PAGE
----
Knob-billed duck in Uganda
Knob-billed duck is also known as Sarkidiornis melanotos under Anatidae family. The Knob-billed duck in Uganda can be seen in Murchison falls national park, Queen Elizabeth national park, and some parts of Rukungiri. Other East African birding destinations where to spot the knob-billed duck include; Arabuko Sokoke Forest Reserve, Lake Nakuru national park, and Amboseli National Park in Kenya. These species are generally found in freshwater rivers, lakes, and marshes.
The Knob-billed duck is a large bicolored waterbird. Both the male and the female bird is iridescent purplish-green above with a white or buffy breast. However, males have gray flanks, a whitish belly, and a large black lump while the female Knob-billed duck has a plain bill and gray flanks.
The male is much larger in size than the female and has a large black knob on the bill.
Young Knob-billed ducks have dull buff below and on the face and neck, with dull brown upperparts, top of the head, and eye stripe.
The immature knob-billed duck looks like a large greyish female of the cotton pygmy goose (Nettapus coromandelicus) and may be very difficult to distinguish both species if no other birds are around to compare size and hue. However, knob-billed ducks in immature plumage are rare to be seen without adults nearby, and thus they are usually easily identified too.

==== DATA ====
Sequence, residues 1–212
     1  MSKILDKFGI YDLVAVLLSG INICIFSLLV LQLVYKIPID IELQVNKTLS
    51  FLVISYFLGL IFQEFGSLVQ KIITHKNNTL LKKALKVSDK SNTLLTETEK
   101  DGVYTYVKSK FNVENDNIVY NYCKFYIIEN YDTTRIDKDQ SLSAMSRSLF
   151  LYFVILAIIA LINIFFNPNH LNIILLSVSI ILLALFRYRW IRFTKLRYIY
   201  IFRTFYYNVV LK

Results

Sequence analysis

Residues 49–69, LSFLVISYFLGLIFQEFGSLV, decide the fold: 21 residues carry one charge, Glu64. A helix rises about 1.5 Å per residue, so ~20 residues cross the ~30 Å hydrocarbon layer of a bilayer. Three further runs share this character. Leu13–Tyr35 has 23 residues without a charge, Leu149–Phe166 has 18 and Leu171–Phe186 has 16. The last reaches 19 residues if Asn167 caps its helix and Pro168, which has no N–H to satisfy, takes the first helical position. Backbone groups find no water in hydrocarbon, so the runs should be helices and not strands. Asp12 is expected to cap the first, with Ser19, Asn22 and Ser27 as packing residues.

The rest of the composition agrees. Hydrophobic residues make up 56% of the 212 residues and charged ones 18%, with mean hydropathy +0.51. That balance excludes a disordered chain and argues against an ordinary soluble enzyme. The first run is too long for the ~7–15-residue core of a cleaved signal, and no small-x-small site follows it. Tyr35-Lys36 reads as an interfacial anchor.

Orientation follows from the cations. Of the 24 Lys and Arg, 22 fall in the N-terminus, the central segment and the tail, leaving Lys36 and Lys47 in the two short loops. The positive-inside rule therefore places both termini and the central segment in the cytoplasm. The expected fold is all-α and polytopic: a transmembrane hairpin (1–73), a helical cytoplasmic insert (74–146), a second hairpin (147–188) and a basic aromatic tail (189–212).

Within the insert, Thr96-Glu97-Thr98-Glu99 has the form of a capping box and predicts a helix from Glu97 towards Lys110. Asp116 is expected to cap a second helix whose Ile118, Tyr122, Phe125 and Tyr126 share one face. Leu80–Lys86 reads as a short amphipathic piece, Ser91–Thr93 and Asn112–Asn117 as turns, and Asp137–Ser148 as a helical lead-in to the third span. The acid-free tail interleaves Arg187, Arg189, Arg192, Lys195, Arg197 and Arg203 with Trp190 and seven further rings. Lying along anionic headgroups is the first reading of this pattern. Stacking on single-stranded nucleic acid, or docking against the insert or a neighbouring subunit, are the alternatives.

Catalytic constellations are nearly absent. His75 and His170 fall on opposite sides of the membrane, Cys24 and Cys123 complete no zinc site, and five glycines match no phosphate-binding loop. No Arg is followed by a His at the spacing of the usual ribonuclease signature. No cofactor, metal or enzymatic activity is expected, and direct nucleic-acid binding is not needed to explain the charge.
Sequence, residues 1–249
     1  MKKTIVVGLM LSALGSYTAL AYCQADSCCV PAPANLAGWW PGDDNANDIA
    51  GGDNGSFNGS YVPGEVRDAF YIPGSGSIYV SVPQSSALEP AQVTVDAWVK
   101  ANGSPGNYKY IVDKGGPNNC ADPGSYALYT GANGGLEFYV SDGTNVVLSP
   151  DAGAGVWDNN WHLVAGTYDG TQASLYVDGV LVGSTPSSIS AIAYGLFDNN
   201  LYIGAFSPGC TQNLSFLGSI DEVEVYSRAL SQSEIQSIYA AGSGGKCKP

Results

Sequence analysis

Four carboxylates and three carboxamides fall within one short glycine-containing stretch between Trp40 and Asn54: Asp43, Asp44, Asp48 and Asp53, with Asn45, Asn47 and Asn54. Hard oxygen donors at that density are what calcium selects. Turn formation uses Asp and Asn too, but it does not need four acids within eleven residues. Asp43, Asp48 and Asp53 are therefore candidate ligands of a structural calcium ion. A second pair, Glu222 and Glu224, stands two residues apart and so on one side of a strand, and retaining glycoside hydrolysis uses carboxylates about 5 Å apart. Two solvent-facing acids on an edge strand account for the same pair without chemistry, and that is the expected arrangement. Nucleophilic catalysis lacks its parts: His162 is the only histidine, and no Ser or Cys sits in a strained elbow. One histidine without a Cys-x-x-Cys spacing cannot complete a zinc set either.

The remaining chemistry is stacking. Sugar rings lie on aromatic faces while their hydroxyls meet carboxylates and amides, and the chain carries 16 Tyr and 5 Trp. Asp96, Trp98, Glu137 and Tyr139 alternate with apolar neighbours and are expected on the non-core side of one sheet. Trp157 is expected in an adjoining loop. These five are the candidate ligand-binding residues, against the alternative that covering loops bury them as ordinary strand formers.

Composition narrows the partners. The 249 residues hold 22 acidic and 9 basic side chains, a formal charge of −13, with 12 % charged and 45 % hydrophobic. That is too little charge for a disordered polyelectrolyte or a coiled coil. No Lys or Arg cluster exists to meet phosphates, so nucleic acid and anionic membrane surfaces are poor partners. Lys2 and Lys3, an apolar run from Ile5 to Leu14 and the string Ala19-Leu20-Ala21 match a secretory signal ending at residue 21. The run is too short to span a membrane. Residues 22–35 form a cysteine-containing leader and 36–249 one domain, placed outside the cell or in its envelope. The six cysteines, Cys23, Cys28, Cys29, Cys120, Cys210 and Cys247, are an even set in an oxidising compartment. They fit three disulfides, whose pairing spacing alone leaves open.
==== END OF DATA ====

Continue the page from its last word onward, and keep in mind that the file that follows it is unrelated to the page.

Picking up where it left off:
The knob-billed duck in Uganda is silent except for a low croak when flushed.
The Knob-billed duck breeds in freshwater swamps and lakes of Uganda and it is largely resident, apart from dispersion in the wet season.
This duck feeds on vegetation by grazing or dabbling and to a lesser extent on small fish, invertebrates, and seeds.
The knob-billed duck is declining in numbers in Uganda, but due to its wide range, it is not considered globally threatened by the IUCN but it is one of the species to which the Agreement on the Conservation of African-Eurasian Migratory Waterbirds applies.
Book your Uganda birding trip with Africa Adventure Vacations to spot several bird species.